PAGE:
In the week since three men were killed in a midday shootout in an Arab town in northern Israel, the country has seen mass protests, complaints of police negligence and a public debate about violence in Arab communities that has veered into racist generalizations. A recent spike in killings within Arab towns has exposed the longstanding mistrust between the marginalized community and Israeli authorities, with each side accusing the other of neglecting the problem. Arab citizens, who suffer from widespread discrimination, say Israel’s vaunted security forces are suspiciously powerless when it comes to combatting violence in their communities. Police say local leaders and residents must do more to help them impose law and order. The debate was reignited last week by the shootout in the northern town of Majd al-Krum, which killed two brothers, Ahmed and Khalil Manaa, and a third man, Mohammed Sabea. Another Manaa brother was wounded and remains in hospital, and a fifth man is said to be on the run. The police have opened an investigation but refuse to provide any details. “They loved everyone and everyone loved them,” Aisha Manaa said as she sobbed and held a picture of her two slain sons, one of whom is survived by a wife and two small children. “How can something like this happen?” Israel’s Arab citizens make up just 20% of the population but account for more than half of all murder victims nationwide. At least 71 Arabs have been killed so far this year, nearly asContinue reading

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Barbed Wire-Ringed Prison Detention Center For Immigrants, USA NEWS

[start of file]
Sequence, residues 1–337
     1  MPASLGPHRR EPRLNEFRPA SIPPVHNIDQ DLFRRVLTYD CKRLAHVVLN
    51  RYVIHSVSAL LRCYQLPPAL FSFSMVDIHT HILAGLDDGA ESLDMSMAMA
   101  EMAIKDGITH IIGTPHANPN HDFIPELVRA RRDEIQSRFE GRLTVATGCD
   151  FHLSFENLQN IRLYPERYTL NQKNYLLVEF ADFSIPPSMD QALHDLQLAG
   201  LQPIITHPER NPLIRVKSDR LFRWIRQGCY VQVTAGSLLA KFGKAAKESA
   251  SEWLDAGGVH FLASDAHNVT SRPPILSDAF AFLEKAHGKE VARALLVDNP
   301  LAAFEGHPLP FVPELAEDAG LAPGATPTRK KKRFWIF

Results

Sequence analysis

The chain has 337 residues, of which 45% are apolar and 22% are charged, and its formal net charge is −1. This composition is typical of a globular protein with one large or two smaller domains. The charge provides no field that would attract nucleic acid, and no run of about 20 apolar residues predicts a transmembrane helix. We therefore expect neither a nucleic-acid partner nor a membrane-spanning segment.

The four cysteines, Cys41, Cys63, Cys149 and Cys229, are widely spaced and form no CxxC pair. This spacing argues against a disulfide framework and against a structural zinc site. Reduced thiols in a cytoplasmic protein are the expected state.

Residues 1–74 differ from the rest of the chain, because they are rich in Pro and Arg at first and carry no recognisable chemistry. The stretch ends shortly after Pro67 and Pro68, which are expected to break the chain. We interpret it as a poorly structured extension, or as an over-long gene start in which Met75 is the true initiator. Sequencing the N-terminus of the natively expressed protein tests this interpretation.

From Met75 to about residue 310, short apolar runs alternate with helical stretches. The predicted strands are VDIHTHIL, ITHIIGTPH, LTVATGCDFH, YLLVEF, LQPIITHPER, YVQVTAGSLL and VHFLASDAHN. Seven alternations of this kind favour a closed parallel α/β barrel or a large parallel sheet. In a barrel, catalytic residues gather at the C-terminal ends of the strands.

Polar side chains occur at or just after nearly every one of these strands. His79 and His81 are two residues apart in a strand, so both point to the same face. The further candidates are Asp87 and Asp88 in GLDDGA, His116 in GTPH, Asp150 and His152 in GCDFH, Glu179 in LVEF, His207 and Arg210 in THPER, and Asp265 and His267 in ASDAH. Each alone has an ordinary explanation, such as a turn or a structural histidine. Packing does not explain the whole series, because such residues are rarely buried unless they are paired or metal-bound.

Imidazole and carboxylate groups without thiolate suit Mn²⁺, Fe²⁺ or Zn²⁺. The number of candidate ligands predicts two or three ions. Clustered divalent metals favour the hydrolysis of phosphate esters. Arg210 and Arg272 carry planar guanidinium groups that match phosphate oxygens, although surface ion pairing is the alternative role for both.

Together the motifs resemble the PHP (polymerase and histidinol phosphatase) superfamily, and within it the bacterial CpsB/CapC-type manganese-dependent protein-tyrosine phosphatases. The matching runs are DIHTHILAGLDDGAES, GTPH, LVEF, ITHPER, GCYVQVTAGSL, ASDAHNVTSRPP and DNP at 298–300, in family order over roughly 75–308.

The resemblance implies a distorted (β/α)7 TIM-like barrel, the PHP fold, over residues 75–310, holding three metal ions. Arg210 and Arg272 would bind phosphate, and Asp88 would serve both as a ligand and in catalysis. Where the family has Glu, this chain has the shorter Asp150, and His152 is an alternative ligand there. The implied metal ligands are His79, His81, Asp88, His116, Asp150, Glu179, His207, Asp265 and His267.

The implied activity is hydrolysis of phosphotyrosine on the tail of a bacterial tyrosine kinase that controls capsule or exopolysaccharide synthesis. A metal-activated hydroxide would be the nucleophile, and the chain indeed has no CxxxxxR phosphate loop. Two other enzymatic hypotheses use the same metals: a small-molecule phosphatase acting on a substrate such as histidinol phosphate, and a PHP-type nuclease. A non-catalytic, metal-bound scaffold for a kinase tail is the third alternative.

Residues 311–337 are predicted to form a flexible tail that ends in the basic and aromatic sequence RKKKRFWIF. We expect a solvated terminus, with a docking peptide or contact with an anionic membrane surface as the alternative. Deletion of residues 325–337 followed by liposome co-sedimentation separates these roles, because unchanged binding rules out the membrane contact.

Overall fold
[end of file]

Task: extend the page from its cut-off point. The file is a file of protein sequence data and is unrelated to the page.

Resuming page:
Tucked away in the dense forest of rural Louisiana is a barbed wire-ringed prison that has quickly grown into a major detention center for immigrants detained at the border. The Winn Correctional Center is one of eight Louisiana jails that have started housing asylum seekers and other migrants over the past year, making Louisiana an unlikely epicenter for immigrant detention under President Donald Trump. U.S. Immigration and Customs Enforcement says it’s now holding about 8,000 migrants in Louisiana out of 51,000 nationally. These new facilities, a mix of old state prisons and local jails, are several hours away from New Orleans and other major cities in the region, far from most immigrant rights’ groups and immigration lawyers. Migrants complain of mistreatment and prolonged detention. “I knew they would detain us, but I never thought it would be for this long,” said Howard Antonio Benavides Jr., an 18-year-old from Venezuela who has been at Winn for three months. The surge in migrant detention has occurred against the backdrop of a criminal justice overhaul in Louisiana that has reduced the state’s prison population and threatened the economies of the small towns that rely on the jails. ICE has stepped into the void. At Winn, which started detaining migrants in May, employee salaries have risen from $10 an hour to $18.50. Local officials have signed contracts that guarantee millions in payments to the local government, the state, and a private prison company based in the state, while still allowing ICE to detain migrantsContinue reading

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Abiy Ahmed - Ethiopia Politics News